Recently, 70 North Korean defectors were detained in Tumen’s border detention center in Jilin Province, China. In total, there were 50 adults and 20 underaged individuals ranging from infants to teenagers. They were arrested in various Chinese regions including Yunnan Liaoning and Jilin provinces. Following a month in detention, they were all sent back to North Korea in smaller groups.
A source familiar with North Korean affairs in China who has been observing the local situation told Daily NK on July 25 that the repatriation to North Korea appears to have been almost completed.
Daily NK learned that the 70 North Korean defectors were detained in China and awaiting repatriation a month ago, but did not report the event due to requests from the defectors’ family members in South Korea. It was believed that even if the arrests were revealed, it would be unlikely for the South Korean government to request their release due to diplomatic reasons. Some were concerned that media reports may intensify the punishments faced by the defectors upon their return to North Korea.
A source in a North Korea-related organization in South Korea who asked for anonymity said, “The families of the detained refugees hesitate to campaign for their release as they don’t trust that the government will take specific measures, and also because they are worried that media reports may further antagonize China. Some argued that it would be better to present a petition after the repatriation is completed, showing just how hopeless it is to try and prevent repatriation.”
◆ North Korean defectors still regarded as ‘illegal border crossers’
The ongoing tragedy of forced repatriation of North Korean defectors is due to Chinese law and the limitations of international treaties. China signed the ‘Mutual Cooperation Protocol for the Work of Maintaining National Security and Social Order in the Border Areas,’ in 1986 with North Korea, commonly referred to as the border protocol. Since then, China has been repatriating North Korean defectors under the protocol and its domestic laws.
The international community has been petitioning China to cease the forced repatriation of North Korean defectors in accordance with international laws. The UN Commission of Inquiry on Human Rights in North Korea [COI] stated in its final report in 2014 that member countries should recognize North Korean defectors as refugees and provide international protection, and urged China to stop repatriating North Korean defectors in accordance with the principle of prohibiting forced repatriation specified in the International Refugee and Human Rights Act. China signed the UN Refugee Convention in 1982 and is therefore under obligation not to repatriate refugees who flee from their own countries.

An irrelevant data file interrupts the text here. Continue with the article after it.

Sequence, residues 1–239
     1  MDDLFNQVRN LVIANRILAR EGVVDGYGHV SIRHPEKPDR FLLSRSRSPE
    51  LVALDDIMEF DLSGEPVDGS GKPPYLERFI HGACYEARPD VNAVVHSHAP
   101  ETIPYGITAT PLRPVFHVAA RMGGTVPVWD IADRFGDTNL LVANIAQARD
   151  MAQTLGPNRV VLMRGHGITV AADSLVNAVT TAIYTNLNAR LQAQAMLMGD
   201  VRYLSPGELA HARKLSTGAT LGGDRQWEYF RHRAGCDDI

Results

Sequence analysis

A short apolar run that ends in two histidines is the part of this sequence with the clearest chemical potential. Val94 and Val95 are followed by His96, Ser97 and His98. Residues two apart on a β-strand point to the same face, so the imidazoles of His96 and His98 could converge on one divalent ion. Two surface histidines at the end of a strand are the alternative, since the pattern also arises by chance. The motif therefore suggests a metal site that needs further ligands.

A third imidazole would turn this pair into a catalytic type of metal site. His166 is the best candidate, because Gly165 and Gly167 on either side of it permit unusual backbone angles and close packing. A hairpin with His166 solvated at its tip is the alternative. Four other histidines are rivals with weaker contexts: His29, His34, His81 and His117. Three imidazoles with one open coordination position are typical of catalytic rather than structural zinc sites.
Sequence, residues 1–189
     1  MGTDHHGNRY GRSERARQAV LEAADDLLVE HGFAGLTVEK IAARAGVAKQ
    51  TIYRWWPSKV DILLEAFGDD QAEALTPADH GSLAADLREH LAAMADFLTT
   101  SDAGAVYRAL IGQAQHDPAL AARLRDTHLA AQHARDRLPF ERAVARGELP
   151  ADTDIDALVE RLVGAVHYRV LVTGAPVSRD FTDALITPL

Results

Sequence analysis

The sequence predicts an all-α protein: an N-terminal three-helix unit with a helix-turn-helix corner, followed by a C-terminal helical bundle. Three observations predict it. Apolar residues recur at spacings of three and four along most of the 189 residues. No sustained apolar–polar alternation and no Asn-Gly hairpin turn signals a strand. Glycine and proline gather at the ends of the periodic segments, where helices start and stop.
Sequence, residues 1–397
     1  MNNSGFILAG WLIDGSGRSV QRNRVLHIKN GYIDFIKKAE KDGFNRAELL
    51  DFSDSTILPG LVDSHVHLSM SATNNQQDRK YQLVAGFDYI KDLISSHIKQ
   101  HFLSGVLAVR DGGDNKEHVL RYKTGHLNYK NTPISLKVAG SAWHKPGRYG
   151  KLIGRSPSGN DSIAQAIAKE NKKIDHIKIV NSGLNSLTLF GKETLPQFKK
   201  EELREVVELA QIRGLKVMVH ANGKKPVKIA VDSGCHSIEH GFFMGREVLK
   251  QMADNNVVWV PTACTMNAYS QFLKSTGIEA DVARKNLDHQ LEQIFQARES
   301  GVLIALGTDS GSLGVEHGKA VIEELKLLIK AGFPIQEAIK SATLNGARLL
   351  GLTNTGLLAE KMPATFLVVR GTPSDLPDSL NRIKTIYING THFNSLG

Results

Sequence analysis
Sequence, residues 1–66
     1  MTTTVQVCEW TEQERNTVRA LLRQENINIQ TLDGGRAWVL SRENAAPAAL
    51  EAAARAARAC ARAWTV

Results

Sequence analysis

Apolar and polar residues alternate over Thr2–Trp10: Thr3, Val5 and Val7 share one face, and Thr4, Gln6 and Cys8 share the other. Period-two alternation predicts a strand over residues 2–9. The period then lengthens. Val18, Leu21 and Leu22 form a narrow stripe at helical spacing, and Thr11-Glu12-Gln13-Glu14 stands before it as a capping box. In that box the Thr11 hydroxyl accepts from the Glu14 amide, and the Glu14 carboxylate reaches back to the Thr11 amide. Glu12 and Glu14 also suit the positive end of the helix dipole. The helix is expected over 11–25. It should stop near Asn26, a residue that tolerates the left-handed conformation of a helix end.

Nevertheless, China refuses to recognize North Korean defectors as refugees. Although it is understood that defectors will be severely punished upon their repatriation, China classifies them as ‘economic migrants’ or ‘illegal border crossers,’ rather than refugees. A spokesman for the Chinese Foreign Ministry, Lu Qiang, said during a regular briefing on July 24 that, “North Korean residents who illegally cross Chinese borders are not refugees but criminals who violate Chinese law.”
Experts also believe that attempting to pressure China to stop repatriation based on international laws will have little effect. Lee Kyu Chang, director of unification policy research at the Korea Institute for National Unification said, “The Refugee Convention leaves the recognition of the status of refugees from certain countries to member countries where the refugees are situated. As long as China does not recognize North Korean defectors as refugees, there are limits in using the argument to stop repatriations.”
The fact that the member countries are under no formal obligation to follow measures recommended by the United Nations is also being highlighted as a limitation. The UN has continuously adopted human rights resolutions asking China to stop repatriations, but little progress has been made. Kwon Eun Kyoung, Secretary General of the International Coalition to Stop Crimes against Humanity [ICNK] said, “The UN recommendation to stop repatriations is not legally binding. Therefore, as long as China refuses, there is no way to enforce the recommendation.”